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Major Flaws In OHS Materials Identified

NOHSAC press release: 16 July 2008

Review of the Key Characteristics that Determine the Efficacy of OHS Instruments

A new report identifies significant flaws in the materials supplied to businesses to help them develop and manage effective occupational health and safety (OHS) systems.

The Review of the Key Characteristics that Determine the Efficacy of OHS Instruments was commissioned by the National Occupational Health and Safety Advisory Committee (NOHSAC) in conjunction with the Australian Safety and Compensation Council.

The first of its kind ever undertaken, the review analysed the range of resources supplied to businesses, including approved codes of practice and guidance materials. The subsequent report is based on an extensive international literature review, detailed interviews and questionnaires, and an online survey of users in Australia and New Zealand.

The report concludes that New Zealand’s current regulatory framework lacks a commitment to providing businesses with codes of practice and guidance materials designed to encourage and help ensure compliance and support best practice. As a result, codes of practice are rarely developed and, when they are, can be out of date and inconsistent with industry practice.

NOHSAC Chair, Professor Neil Pearce, says that the Department of Labour (the government’s lead agency for the Workplace Health and Safety Strategy) must take urgent action to remedy the situation.

“The Department is required to provide information and education to help employers, employees and other people to improve workplace safety,” he says.

“We know that businesses, especially small enterprises, don’t have the resources to source this information themselves – and that employers, unions and OHS practitioners are deeply concerned about the lack of workplace support and guidance from government agencies. It’s vital that we do something about this if we’re to reduce the country’s unacceptable rate of work-related illnesses and injuries.”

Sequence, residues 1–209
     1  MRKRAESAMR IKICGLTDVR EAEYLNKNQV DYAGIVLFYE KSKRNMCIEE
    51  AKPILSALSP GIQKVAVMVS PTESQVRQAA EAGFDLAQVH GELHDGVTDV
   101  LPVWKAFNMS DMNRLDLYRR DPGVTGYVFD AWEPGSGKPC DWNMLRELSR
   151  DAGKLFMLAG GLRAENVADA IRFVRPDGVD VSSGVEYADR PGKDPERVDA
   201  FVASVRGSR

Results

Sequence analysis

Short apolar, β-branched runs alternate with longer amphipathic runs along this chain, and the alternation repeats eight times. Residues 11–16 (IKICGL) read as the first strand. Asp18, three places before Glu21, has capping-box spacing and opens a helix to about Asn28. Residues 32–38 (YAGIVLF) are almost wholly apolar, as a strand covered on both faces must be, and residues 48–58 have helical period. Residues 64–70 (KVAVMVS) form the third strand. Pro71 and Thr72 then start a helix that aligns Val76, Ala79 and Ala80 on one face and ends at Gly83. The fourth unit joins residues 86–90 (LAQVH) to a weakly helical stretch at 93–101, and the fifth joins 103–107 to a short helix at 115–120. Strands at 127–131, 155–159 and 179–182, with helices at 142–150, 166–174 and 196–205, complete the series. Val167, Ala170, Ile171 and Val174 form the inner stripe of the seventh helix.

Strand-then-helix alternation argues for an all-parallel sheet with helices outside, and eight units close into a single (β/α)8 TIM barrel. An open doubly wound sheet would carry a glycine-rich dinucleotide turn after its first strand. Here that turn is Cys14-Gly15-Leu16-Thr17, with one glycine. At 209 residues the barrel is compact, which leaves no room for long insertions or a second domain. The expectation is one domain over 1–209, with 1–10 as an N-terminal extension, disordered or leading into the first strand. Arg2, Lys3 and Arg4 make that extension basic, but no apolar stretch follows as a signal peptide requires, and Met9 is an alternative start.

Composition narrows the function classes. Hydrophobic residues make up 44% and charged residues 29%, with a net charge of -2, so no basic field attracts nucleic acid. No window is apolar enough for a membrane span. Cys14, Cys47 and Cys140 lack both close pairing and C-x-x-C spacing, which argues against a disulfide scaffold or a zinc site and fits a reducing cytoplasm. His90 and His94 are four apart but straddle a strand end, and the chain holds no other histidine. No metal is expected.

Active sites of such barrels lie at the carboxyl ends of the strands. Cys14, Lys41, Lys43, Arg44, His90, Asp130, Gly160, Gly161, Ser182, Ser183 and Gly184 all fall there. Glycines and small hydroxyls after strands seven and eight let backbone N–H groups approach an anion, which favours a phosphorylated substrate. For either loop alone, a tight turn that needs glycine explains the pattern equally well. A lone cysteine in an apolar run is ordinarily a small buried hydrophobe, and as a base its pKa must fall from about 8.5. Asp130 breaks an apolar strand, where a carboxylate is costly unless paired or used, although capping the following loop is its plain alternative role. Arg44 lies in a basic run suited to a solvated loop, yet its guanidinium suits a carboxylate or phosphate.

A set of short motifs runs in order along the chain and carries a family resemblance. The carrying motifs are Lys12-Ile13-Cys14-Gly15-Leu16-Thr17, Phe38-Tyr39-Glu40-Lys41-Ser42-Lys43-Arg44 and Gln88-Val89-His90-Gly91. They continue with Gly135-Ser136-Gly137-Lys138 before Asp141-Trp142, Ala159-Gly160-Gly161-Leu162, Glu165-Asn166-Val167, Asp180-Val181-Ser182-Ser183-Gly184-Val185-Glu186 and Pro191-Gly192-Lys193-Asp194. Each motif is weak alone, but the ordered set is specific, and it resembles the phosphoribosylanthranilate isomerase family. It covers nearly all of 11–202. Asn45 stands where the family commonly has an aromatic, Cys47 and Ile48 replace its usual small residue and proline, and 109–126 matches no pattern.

Professor Pearce calls on the Department of Labour to dedicate additional funding to developing and disseminating up-to-date and relevant advice for workplaces.

“This will help employers not only to comply with their requirements under our health and safety legislation, but also to learn about best practice in identifying and managing hazards, developing training materials and designing workplace facilities.”

Professor Pearce stresses the importance of ensuring that any codes of practice and guidance material are written and designed to be effective for businesses.

“The report identifies a number of key characteristics, including the need for plain language and clear, concise information, as well as practical advice and solutions,” he says. “It’s also important to keep material up to date and relevant, and consider online as well as in-print distribution channels.

“New Zealand is well placed to set an international example for our occupational health and safety performance,” he says. “We simply need more commitment from the government agencies involved, so that together we can achieve the Workplace Health and Safety Strategy’s vision of healthy people in safe and productive workplaces.”

ends

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